Bugatti is truly an automobile among cars. With the current production line having not more than three-four makes, Bugatti shows how successful one can be when they forsake quantity and focus on quality. Many of you who know of Ralph Lauren are also familiar with the fact that the man is a true connoisseur of automobiles. So much so that a portion of his fleet was featured in a recent - few years - art show. Among his pieces the 1938 Bugatti Type 57SC Atlantic is truly beautiful and serves as a harsh reminder of how much has been lost in the way of automobile design. The new Galibier draws on styling from the '38. This is a common theme among automobile manufacturers as they come to the realization that - like many things - if it's not broke, don't fix it . . . but you may make improvements. Only new materials and technology available to automobile manufacturers that improve on the excellence of our most favored designs should be making their way into the production lines, save the occasional masterpiece in the design department.

Behold, the perfect automobile:

Whiskey is What Men Drink

This summer after my wedding, my wife and I chose to stay with my parents for the summer. I am working on making connections in the legal field here at home. The means that - much to my wife's dismay - we have to leave our place in Virginia. Along with the other aspects of living as newlyweds with one's parents that might be frustrating, the local spirits store doesn't carry my preferred whiskey -- the biggest bummer of all.

A little over a year ago I started drinking Bernheim Original, and have never looked back. It is truly a unique whiskey. Here is the website: I'll let you take time to look through the website and learn more about it, as opposed to copying and pasting all the specifics on here. However, in pure laymen's terms, I can tell you that it is a great whiskey for sipping. Most devoted whiskey drinkers out there can sip nearly any whiskey, and enjoy it. For most, they will often add water or cola to dilute the elixir. I will not take the opportunity to knock on such activities, as I myself sometimes like the occasional mint julep. The major difference in Bernheim Original and that of other purveyors of whiskey is that Bernheim is made from a soft winter wheat and not corn, rye, or barley. This results in a much crisper, cleaner drink and no sign of "whiskey face."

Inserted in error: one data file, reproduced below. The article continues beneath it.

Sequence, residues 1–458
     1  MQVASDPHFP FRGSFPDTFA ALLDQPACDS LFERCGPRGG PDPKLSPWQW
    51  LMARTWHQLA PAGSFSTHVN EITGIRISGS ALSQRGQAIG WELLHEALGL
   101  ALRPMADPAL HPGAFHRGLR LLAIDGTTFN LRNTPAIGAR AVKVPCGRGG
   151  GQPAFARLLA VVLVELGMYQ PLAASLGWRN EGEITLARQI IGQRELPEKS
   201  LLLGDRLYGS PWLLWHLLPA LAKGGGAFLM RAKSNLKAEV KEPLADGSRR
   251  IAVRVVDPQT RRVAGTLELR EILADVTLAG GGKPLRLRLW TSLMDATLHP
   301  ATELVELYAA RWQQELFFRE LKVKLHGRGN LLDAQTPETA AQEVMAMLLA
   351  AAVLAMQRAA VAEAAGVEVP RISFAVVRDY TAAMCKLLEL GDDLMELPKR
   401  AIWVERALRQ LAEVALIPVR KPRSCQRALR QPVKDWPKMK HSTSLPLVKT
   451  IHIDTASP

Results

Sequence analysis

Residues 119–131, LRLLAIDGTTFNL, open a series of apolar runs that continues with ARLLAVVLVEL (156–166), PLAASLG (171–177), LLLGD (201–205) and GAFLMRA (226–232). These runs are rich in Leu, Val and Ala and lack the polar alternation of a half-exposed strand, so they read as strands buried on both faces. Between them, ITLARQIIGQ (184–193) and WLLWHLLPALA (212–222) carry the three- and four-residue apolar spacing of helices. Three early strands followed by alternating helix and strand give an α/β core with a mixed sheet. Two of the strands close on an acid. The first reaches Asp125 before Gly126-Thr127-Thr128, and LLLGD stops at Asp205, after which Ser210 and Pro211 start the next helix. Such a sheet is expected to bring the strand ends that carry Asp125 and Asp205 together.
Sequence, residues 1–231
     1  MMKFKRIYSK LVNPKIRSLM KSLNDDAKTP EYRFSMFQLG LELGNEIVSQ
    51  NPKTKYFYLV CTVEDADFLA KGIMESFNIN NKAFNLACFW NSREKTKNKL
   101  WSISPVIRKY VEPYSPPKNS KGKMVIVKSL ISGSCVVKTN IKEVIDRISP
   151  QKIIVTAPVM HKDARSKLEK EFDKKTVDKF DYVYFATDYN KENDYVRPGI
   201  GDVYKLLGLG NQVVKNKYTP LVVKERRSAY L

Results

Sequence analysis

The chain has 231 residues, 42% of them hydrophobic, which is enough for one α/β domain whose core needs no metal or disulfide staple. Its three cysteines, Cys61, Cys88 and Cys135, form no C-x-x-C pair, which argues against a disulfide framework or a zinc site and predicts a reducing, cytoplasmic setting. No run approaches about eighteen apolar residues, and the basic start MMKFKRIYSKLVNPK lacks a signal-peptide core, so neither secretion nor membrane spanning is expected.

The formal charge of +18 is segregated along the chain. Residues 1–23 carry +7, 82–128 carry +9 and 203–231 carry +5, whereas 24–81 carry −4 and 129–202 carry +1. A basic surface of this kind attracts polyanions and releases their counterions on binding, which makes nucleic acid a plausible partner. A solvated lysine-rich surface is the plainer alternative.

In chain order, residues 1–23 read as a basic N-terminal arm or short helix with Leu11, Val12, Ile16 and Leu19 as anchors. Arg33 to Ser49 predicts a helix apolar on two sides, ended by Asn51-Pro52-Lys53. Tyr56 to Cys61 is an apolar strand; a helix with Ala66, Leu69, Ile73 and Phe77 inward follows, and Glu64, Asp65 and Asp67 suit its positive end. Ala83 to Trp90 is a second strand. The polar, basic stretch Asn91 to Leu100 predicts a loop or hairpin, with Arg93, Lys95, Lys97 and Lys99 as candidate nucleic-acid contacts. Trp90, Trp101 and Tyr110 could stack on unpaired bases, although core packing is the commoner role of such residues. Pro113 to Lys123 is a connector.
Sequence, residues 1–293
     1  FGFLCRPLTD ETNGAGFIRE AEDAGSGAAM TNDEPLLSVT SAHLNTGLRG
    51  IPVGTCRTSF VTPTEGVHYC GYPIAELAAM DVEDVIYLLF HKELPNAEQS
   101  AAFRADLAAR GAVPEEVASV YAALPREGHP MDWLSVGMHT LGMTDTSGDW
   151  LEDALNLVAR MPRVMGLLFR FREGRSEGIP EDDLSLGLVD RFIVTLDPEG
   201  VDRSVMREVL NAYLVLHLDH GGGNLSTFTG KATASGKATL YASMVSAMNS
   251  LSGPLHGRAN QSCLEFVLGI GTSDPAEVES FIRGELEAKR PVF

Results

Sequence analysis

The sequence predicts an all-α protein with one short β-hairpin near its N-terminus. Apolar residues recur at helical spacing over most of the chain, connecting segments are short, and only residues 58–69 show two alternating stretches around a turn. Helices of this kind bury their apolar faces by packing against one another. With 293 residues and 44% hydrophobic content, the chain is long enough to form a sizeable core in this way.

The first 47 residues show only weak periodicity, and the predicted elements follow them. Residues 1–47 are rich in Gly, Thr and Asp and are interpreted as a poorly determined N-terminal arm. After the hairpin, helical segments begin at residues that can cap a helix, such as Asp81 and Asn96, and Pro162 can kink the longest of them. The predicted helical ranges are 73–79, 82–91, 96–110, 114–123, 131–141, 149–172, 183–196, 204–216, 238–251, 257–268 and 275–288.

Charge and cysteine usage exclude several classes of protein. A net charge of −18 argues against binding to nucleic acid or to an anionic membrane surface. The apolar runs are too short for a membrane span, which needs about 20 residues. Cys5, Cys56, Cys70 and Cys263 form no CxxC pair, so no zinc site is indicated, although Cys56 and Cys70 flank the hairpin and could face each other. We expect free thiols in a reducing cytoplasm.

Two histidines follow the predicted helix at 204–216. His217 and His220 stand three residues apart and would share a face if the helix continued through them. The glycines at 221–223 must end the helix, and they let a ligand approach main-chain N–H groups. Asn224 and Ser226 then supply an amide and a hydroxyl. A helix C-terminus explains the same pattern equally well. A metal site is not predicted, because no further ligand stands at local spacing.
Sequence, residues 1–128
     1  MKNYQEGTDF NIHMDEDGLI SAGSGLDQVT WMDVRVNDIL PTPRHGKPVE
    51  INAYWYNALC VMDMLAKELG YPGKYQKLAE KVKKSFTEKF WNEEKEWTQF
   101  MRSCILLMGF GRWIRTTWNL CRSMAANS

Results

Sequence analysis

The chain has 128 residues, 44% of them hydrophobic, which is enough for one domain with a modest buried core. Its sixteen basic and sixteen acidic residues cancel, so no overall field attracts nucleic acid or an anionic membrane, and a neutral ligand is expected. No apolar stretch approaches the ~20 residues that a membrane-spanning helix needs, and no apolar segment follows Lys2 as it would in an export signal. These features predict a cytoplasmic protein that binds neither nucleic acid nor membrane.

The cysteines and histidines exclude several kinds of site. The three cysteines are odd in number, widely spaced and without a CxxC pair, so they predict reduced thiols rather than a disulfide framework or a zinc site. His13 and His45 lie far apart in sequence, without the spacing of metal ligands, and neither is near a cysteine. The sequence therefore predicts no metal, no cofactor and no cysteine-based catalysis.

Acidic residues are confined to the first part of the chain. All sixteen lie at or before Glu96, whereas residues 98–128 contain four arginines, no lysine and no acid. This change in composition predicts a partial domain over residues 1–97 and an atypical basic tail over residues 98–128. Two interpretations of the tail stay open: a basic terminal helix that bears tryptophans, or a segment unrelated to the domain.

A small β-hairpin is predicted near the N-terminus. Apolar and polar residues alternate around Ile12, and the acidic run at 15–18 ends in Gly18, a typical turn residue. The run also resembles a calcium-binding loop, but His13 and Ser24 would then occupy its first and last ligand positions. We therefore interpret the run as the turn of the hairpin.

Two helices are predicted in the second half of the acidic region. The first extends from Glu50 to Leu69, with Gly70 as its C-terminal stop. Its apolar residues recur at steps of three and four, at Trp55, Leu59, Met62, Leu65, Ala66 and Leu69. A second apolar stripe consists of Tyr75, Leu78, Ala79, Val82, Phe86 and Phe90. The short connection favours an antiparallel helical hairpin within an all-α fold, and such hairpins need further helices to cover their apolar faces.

Although I do long for the days when I can get back in touch with my old friend, this summer's absence from it has opened many opportunities to sample the different brands out there. This summer's hit list includes: Eagle Rare, 1792 Ridgemont Reserve, and Maker's 46. Of the three, I would highly recommend the 1792 Ridgemont Reserve, then Maker's 46, and lastly Eagle Rare.

Looking Forward to The New Fall Lines

As great as this summer has been, I'm growing a little tired of looking at the same old offerings from my favorite mens clothiers. In particular, I cannot wait to see what new designs will come from the Phineas Cole line via Paul Stuart heritage. Like that of Tom Ford (although a bit more extreme), Phineas Cole reincorporates those classy vintage stylings that have been missed or messed up throughout the later part of the 20th Century and adds to it the current modern leaps in cut and fit.

Bringing back peak lapels, wide ties, ticket pockets, etc. has been reinvented - as a look - when paired up with the new courageous mixes of colors, patterns, and textures. This new look that has been brought upon by the likes of Phineas Cole and others in his class, does what many industries are trying to do in all types of fields. For classical men's elegance that means, bringing back to the future of design those brilliant ideas from the earliest years in men's "sartorialology" (sic), while using the new brilliance among modern day haberdashers to make those ideas from the past explode with a redefinition of cool.

I don't want to take anything away from J. Press, Ralph Lauren, or Brooks Brothers because I still love them and those of their ilk. They have their place in my life, but more and more that place is shifting to the leisure portion thereof. For the office, business, or the theater, Phineas Cole and his classmates have my ear. They are reaching the climax of classical men's elegance.